Peter Jackson on Sean Parker's $50 Home Movie Service: "It's Inevitable"

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The Screening Room proposal has been described as controversial, but the Oscar-winning filmmaker says it's more of a "healthy injection."

Exactly one month to the day after releasing a statement backing Sean Parker and Prem Akkaraju's Screening Room — the proposal designed to offer movies for $50 at home the same time they open in theaters — filmmaker Peter Jackson walked the red carpet outside Parker's Bel-Air residence.

Parker, the tech billionaire best known as a co-founder of Napster and Facebook's first president, opened his gate and the grounds around his home (also known as the A. Quincy Jones-designed Brody House once owned by Ellen DeGeneres) for a glamorous launch party on Wednesday to celebrate his just-announced Parker Institute for Cancer Immunotherapy.

Parker donated $250 million for the initiative that brings together six top academic cancer centers while hopefully breaking down the bureaucracy that has dogged progress in fighting the disease. 

Stopping to talk to The Hollywood Reporter while making his way to the dinner, Jackson said he's known Parker "for a reasonably short amount of time," but that they're close enough that he made the quick back-and-forth trip from New Zealand specifically to attend the event. And as far as VIP black-tie galas go, Parker's gets points for the diversity of its invite list that included emcee Tom Hanks, presenters Bradley Cooper and Sean Penn, co-hosts Governor Jerry Brown, Marc Benioff, Orlando Bloom, Katie Couric, Jack Dorsey, Ari Emanuel, Lucian Grainge, Ron Howard, Jimmy Iovine, Jeffrey Katzenberg, Katy Perry, Marc Ronson, Anne Wojcicki and performers Lady Gaga and John Legend. 

Jackson praised Parker's PICI, saying "immunotherapy is the closest we've ever come to the so-called magic cure for cancer," and therefore he supports the cause and likens it to a major movie franchise. "Putting together the best cancer specialists in the country is sort of like creating superheroes of cancer specialists," said Jackson. "It's like The Avengers of the cancer-fighting world."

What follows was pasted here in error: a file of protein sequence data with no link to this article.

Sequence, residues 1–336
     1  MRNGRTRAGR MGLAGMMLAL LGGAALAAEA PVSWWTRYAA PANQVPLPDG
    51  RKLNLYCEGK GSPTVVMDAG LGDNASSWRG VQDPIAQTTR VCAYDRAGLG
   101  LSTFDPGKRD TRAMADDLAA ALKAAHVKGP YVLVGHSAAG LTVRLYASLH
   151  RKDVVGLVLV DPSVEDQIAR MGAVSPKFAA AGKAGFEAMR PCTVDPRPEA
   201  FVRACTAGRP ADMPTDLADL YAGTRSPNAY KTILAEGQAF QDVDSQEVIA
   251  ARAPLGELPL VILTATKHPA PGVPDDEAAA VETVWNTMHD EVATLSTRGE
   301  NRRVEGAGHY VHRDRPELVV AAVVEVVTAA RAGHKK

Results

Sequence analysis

Speaking of movies, the visionary behind the Lord of the Rings franchise also had words about the Screening Room, opening up for the first time at length to THR about why Hollywood needs to let go of fear and embrace "the inevitable." 

You were one of the first filmmakers to speak out in support of Sean and the Screening Room. What feedback did you receive?

I'm in New Zealand, so I don't get any feedback from anyone (laughs). I'm in a silent, little bubble down there. I think what has to happen with Screening Room is happening now. ... Look, it was leaked. We weren't ready to roll it out as we were still working on it. We were caught unawares a little bit, which is why we've been a bit slow, but when people actually get to see it and view the presentation and hear what the security measures are, they will understand it a bit more.

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What is the source of the misunderstanding do you think?

We are all human beings and we always leap to the most scary scenario and the most terrifying scenario. In the industry, we are very fearful of piracy and cinemas closing and losing that incredible magic of going to the theater. It's not going to be that. Fifty percent of Americans did not step into a movie theater last year, and of the 50% that did go into a theater, 95% of them went to one or two films. That's the people we are trying to target. The Screening Room is trying to target the people who are stuck at home because of their careers or because of their young families or they can't get out to the cinema. They used to be film buffs when they were teenagers, they would go every single week but now they just can't. If we can add them to the box-office tally, that's a really healthy injection for the whole industry.

It sounds like your investment is significant. How much have you invested in the Screening Room?

It's more time at the moment. I'm sort of helping with security advice and various things. It's something that I believe in and something that is going to happen. It's inevitable. Everyone keeps saying that day-and-date is going to happen, but they are still terrified of it. What we are trying to do is not make it scary and make everyone a winner in such a way that there is no fear involved and everyone comes out of it with a positive result. We're spending a lot of time on security and anti-piracy measures. Everything that everyone is worried about we are putting serious work behind. It's robust. 

During this week's CinemaCon in Las Vegas, several studio heads, including Warner Bros. chairman and CEO Kevin Tsujihara, spoke out saying they didn't want any new services to take away from their business. Have you talked to Kevin about this?

Yes, I've spoken to Kevin. Look, when people actually see the presentation and understand it and look at the economics, they will see that very robust economics have been built around this. It's not a subtractive thing at all. It's an addition to their business.